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Discussion Starter #1
I have read that you need to feed a pig a certain amount in pounds of grain to get them to butcher weight. Also that if you do grain free grazing them it will just take longer. Can you raise a pig during the fall and winter without grain or with very little grain? I'm not sure how much they will need to eat. It is okay that they grow slower, we are in no hurry for that, but we don't want to be cruel and keep them just barely alive without/or with little grain? We have a couple of pastures that are stockpiled (?) (haven't been grazed on for awhile so might have food they could eat on that we could rotate them around in) and one nice pasture and could also move them around over our large garden so they could till it up and graze on all the things left in it. We also generate quite a bit of kitchen scraps and milk wastes...I would estimate an ice cream tub of scraps could be counted on daily and a gallon of milk products a day. Would that be enough for them all together?? Would they need grain also? THank you!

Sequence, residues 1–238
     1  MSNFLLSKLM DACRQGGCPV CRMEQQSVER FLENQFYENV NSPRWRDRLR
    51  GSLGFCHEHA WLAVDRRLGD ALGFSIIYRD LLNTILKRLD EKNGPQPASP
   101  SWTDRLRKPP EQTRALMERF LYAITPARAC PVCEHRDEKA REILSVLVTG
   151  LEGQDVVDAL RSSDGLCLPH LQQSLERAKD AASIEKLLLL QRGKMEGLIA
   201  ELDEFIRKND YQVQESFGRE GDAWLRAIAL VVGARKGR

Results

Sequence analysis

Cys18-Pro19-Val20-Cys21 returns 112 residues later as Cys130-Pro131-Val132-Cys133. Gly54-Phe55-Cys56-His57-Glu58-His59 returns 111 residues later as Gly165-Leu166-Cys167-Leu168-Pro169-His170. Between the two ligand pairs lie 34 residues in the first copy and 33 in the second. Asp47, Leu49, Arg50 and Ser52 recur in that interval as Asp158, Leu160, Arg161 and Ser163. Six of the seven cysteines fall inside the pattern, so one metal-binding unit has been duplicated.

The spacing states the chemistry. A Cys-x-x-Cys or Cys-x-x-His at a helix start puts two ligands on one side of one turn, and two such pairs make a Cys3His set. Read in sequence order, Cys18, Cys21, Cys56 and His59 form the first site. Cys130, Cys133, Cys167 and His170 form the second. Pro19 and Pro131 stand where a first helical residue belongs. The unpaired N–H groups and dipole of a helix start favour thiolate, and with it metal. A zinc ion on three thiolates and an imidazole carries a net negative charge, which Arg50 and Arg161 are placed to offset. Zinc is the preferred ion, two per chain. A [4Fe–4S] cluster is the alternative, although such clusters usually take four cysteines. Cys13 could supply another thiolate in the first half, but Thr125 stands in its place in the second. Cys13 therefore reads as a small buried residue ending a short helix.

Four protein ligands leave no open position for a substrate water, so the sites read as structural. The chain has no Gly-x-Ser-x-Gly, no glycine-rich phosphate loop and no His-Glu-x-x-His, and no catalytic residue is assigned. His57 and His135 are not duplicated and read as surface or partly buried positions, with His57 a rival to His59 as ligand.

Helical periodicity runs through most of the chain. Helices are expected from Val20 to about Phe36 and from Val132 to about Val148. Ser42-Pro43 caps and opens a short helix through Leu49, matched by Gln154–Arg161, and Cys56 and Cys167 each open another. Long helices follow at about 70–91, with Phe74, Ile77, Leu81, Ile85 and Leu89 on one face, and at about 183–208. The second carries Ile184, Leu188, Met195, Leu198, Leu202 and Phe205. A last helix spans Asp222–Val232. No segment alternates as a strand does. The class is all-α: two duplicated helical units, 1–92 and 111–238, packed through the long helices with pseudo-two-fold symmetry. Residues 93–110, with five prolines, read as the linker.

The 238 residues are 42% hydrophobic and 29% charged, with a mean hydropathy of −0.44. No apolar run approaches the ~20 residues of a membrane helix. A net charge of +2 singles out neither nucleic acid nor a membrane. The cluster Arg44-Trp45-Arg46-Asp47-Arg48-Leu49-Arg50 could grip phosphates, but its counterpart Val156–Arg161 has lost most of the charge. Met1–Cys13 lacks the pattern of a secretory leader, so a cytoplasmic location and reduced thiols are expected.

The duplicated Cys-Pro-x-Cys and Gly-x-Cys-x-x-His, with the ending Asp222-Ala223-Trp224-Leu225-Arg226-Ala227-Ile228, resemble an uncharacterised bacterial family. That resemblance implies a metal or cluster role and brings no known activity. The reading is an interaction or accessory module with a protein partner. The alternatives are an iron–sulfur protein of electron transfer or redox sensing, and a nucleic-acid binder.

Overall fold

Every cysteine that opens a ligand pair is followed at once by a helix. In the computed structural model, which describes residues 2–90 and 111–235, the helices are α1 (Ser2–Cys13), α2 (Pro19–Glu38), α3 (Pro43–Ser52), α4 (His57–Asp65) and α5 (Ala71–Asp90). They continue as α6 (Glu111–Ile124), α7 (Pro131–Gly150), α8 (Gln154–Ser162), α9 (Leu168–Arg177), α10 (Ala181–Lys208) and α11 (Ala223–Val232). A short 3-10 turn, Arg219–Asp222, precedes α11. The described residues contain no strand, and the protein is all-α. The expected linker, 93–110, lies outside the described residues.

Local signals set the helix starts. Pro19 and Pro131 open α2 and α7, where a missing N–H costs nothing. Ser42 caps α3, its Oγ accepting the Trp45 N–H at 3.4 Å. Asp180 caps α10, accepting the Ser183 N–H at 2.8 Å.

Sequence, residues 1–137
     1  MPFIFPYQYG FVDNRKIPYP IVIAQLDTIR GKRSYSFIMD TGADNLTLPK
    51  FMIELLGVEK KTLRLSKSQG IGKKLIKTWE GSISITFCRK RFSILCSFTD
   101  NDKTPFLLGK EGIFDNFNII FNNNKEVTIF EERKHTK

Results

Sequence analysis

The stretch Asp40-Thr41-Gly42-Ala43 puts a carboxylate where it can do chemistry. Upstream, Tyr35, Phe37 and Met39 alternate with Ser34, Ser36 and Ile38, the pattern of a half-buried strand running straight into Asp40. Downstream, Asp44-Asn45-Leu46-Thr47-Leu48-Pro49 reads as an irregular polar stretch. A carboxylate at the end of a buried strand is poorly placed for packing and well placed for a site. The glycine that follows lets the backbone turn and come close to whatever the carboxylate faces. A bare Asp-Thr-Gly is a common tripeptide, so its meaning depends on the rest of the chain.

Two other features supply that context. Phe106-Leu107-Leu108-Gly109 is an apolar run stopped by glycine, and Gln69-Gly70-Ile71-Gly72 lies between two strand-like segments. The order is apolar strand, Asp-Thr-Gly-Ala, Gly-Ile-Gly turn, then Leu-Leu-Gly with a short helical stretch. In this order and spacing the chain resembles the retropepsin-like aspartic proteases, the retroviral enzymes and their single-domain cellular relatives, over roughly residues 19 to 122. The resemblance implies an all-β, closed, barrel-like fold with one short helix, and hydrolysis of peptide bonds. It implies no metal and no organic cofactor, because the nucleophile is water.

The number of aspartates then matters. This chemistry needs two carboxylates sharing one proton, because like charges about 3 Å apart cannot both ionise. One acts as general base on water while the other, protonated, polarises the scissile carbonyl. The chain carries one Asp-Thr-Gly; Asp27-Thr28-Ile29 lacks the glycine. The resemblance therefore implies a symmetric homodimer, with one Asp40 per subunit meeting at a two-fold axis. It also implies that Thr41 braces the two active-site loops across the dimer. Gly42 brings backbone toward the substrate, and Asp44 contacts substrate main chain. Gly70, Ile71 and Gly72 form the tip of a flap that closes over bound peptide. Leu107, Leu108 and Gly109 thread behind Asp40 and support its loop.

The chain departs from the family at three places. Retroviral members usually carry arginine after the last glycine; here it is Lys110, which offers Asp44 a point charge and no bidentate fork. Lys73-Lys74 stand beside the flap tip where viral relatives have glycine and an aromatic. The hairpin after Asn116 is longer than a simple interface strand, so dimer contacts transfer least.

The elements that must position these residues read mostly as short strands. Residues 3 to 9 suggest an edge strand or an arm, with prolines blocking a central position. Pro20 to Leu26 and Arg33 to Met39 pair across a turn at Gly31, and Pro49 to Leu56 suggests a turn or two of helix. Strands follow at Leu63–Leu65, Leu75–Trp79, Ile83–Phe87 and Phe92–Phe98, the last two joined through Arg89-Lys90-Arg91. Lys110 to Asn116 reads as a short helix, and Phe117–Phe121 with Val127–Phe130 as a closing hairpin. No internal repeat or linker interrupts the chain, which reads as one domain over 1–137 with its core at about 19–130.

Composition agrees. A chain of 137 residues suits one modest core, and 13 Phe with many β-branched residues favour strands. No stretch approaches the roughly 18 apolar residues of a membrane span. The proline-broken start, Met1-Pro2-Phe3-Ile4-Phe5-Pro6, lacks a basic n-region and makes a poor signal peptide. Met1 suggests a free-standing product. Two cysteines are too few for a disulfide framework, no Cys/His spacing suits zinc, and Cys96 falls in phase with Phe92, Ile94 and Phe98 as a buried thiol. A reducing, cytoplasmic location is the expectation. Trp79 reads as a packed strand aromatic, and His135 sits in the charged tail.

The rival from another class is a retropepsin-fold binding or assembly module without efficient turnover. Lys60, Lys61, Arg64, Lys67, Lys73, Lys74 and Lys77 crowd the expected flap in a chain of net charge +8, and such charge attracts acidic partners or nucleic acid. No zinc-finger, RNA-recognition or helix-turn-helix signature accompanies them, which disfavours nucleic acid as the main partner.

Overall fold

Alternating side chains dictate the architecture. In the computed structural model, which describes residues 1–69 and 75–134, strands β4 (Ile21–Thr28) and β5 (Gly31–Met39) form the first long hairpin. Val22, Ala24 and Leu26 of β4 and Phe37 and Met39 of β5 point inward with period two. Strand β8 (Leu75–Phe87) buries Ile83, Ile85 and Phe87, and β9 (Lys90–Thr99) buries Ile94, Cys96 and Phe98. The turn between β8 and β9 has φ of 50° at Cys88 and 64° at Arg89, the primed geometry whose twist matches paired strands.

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Yes, it is very doable, but if you're just starting out I would suggest doing a commercial feed the first year as you have many things to learn. We raise pigs without any commercial feed corn/soy / grain. The vast majority of their diet is pasture plus some dairy (~7%) and other things as available (see http://SugarMtnFarm.com/pigs and follow the feed links) but it takes good genetics, good pastures and good management skills. Ease into it. Also read the sticky threads at the top which talk a lot about this sort of thing.

Please fill in your location information which makes it easier to answer questions. At the very least your zone. See this thread:

http://www.homesteadingtoday.com/livestock-forums/pigs/505485-please-fill-location-info.html

Cheers,

-Walter